Donald Kerwin is executive director of the Center for Migration Studies and editor of the Journal on Migration and Human Security. Edward Alden is a senior fellow at the Council on Foreign Relations and author of “The Closing of the American Border: Terrorism, Immigration and Security Since 9/11.”
“There is always a well-known solution to every human problem,” H.L. Mencken wrote. “Neat, plausible, and wrong.” Such is the case with President Trump’s plans to temporarily halt the flow of refugees to the United States and bar travelers from certain Muslim countries. What could be neater and more plausible than cracking down on people from terrorism hot spots to ensure that no terrorists are admitted to the country?
Yet as Trump and the country may painfully relearn, effective screening to protect homeland security requires good intelligence and close cooperation with allies to identify genuine threats. The crude alternatives the president advocates will weaken that cooperation, damage U.S. diplomacy and leave the United States more exposed to terrorism.
The United States has made this mistake before. After Sept. 11, 2001, the Bush administration launched a series of initiatives to block the entry of people from Muslim-majority countries as a security measure to prevent follow-on attacks. The most sweeping was the National Security Entry-Exit Registration System, or NSEERS, in which nearly all male immigrants and travelers from two dozen Muslim-majority nations and North Korea faced what could be called “extreme vetting”; each time they tried to enter the United States, they were pulled aside for hours of secondary screening and forced to undergo intrusive questioning by border officials. Those already living here had to register with the government, face similar questioning and prove their lawful status.
If he follows through with a draft executive order, titled “Protecting the Nation from Terrorist Attacks by Foreign Nationals,” obtained by the press on Wednesday, Trump’s approach would be similarly indiscriminate. The draft order calls for shutting down all refugee processing for several months, barring refugees from Syria and then cutting admissions in half over the next year. It also would temporarily bar all travelers from countries thought to pose a high security risk, reportedly including Syria, Iraq, Iran, Libya, Somalia, Yemen and Sudan, and would place restrictions on sensible risk-management measures such as waiving visa interviews for low-risk travelers. It includes a threat to withhold visas from countries deemed insufficiently cooperative.
Like NSEERS, these new restrictions, if carried out, would target many legitimate travelers and upset relations with important allies in the war on terrorism. Secretary of state nominee Rex Tillerson testified this month that “one of our greatest allies in this war is going to be the moderate voices of Muslims.” Colin Powell, who was secretary of state as NSEERS was implemented after 9/11, spent many hours soothing the bruised feelings of allies who felt wrongly targeted.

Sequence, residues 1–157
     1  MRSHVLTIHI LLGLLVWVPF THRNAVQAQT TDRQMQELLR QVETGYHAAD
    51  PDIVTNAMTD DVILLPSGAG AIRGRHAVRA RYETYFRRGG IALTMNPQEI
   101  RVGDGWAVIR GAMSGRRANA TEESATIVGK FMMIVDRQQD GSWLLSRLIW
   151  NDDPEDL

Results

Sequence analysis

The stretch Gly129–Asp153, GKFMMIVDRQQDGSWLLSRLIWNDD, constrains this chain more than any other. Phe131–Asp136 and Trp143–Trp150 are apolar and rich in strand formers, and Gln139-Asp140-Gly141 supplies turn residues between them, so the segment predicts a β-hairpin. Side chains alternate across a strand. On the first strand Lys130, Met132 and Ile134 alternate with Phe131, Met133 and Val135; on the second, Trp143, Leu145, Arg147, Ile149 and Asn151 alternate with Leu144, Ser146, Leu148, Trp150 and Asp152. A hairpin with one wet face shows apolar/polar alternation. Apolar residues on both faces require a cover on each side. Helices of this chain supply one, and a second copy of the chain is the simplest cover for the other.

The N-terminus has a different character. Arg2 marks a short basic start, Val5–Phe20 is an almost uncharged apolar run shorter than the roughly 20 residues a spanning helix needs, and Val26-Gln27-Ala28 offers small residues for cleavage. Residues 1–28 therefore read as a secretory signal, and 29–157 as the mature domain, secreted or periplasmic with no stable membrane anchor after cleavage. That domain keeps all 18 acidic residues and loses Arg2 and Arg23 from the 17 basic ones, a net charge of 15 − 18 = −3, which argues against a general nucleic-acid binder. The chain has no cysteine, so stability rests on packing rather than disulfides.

Should the orders go forward, Tillerson will face the same sort of protests, and they will come not just from the targeted countries themselves. Close allies such as Germany and even Canada, which has opened the door to Syrian refugees, will rightly feel that the United States is not sharing the burden of the humanitarian crisis in the Middle East.
The proposed measures would also impair the ability of intelligence and law-enforcement agencies to gain cooperation from targeted communities in the United States. Closer cooperation between the FBI and American Muslims, for example, is one reason the United States has not faced another major terrorist attack since 9/11. The revival of crude initiatives to block entry to the United States by other Muslims would jeopardize those relationships.
The example of NSEERS should weigh heavily. For all the disruption it caused, NSEERS did not lead to a single terrorism-related prosecution. The best the 9/11 Commission could say was that its counterterrorism benefits were “unclear” and it may have had some deterrent effect. Former Immigration and Naturalization Service commissioner James Ziglar said the program “caused us to use resources in the field that could have been much better deployed” and “we got nothing out of it.”
The approach apparently being prepared by the Trump team would be especially wrongheaded given the enormous advances in security screening over the past decade. Scrutiny of visa applicants is far better than it was before 9/11. Overseas visitors are now fingerprinted and photographed, in order to check their identities against terrorist databases. The government further ensures identity through secure travel documents, runs robust checks against immigration, criminal and terrorism databases, and targets people with suspicious travel or other patterns. And, the multiyear U.S. vetting and screening process for refugees, many of them fleeing terrorism, is more thorough and exhaustive than any other admissions process to the United States.
All these systems were developed to create maximum safety with minimum disruption to lawful travel. Instead of recognizing and building on those advances, Trump is calling for country-by-country bans on travel to the United States that would cause maximum disruption and compromise U.S. safety.
By bringing back these kinds of measures, Trump would be embarking on a path that failed before and would only weaken America’s diplomacy and its security. The White House should learn the lessons of that history and change course.